|Dr. Temple is committed to improving the quality of life and access to quality health services and community based supports for people with Intellectual and Developmental Disabilites and their families.|
|Knowledge translation is an important part of the way that Dr. Temple realizes her goals. Knowledge translation includes synthesis of research using systematic reviews and recognition of the roles of organizations and their leaders to create an environment where changes and research are valued. It also involves the implementation of strategies that work within different contexts. Dr. Temple has been a leader in the area of research in this field, working within a multidisciplinary team of researchers at St.Amant Research Centre. She is an executive member of the Special Interest Research Group on Health Issues (SIRG) of the International Association for the Scientific Study of Intellectual and Developmental Disabilities (IASSIDD). She has had research funding and published on knowledge translation and related projects to make changes in the direct care and support of people with intellectual disabilities and chronic disease. Her main teaching responsibilities have centred on leadership roles, qualitative and mixed methods research as well as evidence informed practice. Dr. Temple has been the recipient of teaching awards and the College of Registered Nurses of Manitoba Excellence in Nursing Practice award.|
|To view Dr. Temple’s ORCID author profile which includes a list of her publications, go to http://orcid.org/0000-0003-1902-6211|
Working with Indivduals with Intellectual and/or Development Disabilities: Injuries and Challenging Behavior
New knowledge translation study to reduce support worker injuries at St.Amant, assist management support
As a Researcher with St.Amant, Dr. Bev Temple has directed several research projects that explore and examine topics related to providing support for people with intellectual disabilities, their families, and direct support workers. Integral to the distribution of her research findings is Dr. Temple’s dedication to effective knowledge translation. Effectively communicating project results ensures that her research findings contribute to productive workplace action at St.Amant and within other systems of care and support.
In 2015, Dr. Temple’s research team began a project in cooperation with St.Amant and the Workers Compensation Board (WCB) of Manitoba entitled, A Knowledge Translation Intervention with Supervisors: Can we reduce injury by improving knowledge translation strategies for direct support workers of people with intellectual disability who display challenging behaviour. This current project is a result of the findings of a 2013 study that Dr. Temple’s research team conducted at the request of St.Amant’s human resources and risk management’s department. This previous study tracked and examined injury reports submitted by St.Amant support workers who were injured while providing care to individuals with intellectual and developmental disabilities who display challenging behaviour. Dr. Temple’s current research project goals are to address the larger issues surrounding worker injury and to develop actionable plans at St.Amant for better use of current training in the prevention of worker injury and in support of managerial response.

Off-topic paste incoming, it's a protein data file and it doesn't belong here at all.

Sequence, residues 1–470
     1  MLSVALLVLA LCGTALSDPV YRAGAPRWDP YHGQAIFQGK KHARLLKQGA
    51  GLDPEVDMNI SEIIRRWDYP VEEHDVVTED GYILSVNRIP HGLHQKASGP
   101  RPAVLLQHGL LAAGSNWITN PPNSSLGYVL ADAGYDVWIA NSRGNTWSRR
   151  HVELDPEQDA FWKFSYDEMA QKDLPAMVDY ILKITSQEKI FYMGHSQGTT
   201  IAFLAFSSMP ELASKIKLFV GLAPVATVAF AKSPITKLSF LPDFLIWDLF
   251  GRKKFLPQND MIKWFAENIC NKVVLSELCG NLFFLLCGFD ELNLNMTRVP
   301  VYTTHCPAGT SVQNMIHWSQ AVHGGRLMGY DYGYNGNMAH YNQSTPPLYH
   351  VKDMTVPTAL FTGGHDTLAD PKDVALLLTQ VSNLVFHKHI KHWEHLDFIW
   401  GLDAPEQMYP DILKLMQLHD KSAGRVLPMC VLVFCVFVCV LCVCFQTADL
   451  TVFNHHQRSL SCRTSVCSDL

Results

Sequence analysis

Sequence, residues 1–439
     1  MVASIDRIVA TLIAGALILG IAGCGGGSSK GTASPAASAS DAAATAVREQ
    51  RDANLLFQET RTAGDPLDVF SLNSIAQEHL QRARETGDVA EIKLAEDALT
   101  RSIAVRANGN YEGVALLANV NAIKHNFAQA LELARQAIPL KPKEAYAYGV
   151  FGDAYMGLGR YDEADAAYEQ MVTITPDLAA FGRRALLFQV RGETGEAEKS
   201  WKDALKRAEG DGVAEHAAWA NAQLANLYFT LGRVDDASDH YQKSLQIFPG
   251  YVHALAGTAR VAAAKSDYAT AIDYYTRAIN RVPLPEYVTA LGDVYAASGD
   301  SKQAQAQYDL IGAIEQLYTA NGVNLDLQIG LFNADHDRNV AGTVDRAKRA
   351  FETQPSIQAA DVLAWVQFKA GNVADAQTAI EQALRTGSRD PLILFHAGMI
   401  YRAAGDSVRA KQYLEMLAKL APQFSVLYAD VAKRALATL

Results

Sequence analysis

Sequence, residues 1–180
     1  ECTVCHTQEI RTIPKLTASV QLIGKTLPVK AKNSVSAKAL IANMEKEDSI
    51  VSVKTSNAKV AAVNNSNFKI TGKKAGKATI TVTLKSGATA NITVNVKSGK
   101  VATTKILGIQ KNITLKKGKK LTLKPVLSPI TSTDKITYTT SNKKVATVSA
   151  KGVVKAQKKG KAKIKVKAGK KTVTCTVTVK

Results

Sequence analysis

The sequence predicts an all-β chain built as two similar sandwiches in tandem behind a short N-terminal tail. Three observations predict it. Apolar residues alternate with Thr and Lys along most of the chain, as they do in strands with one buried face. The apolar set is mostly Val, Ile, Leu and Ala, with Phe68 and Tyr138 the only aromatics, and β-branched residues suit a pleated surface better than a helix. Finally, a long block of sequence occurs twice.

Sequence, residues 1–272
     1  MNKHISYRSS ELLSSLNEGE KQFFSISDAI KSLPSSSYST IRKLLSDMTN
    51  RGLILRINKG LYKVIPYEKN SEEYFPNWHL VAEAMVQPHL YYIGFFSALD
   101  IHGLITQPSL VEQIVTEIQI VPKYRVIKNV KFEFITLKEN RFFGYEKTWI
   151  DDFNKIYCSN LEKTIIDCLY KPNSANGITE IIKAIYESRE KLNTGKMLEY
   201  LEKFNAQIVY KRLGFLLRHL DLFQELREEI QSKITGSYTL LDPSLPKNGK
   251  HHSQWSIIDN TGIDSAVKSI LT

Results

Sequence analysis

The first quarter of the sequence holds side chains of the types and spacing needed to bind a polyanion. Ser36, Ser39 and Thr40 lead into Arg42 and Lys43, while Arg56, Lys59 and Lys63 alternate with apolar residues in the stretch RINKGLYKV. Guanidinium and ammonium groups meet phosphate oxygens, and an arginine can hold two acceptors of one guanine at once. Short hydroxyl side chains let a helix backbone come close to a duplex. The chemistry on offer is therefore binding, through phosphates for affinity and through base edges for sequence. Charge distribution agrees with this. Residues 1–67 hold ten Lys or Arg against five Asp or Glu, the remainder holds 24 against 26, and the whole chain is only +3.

“The administration at St.Amant and at the WCB has been really supportive about this research, and since we completed the first study, they’ve also invested in an online injury report system so there are better feedback loops for support workers and managers. The research project really created a stimulus for an audit and fostered ongoing feedback,” says Dr. Temple. Objectives for this current research project include the development of a modular training program for managers of support workers at St.Amant. This training program will provide direct training in knowledge translation of current training and debriefing following injury to better support the staff providing direct support to individuals with intellectual and developmental disabilities who display challenging behaviour.
“I think that the applications of this research project are much broader than to just our particular group of support staff and managers at St.Amant,” Dr. Temple says. “These training modules can be immensely beneficial for staff working in hospitals and emergency departments, school systems, and other institutions and organizations that provide support to a variety of people.” Dr. Temple believes that making the training modules available online and in hard copy will increase the accessibility and impact of this training program. “The goal is to make these training materials available to anyone who wants to use them. So even if there’s a small support organization of a single manager and three direct support staff, they would still have access to this information and could be able to train their people in mindful, trauma-informed care and appropriate management of injury reports.”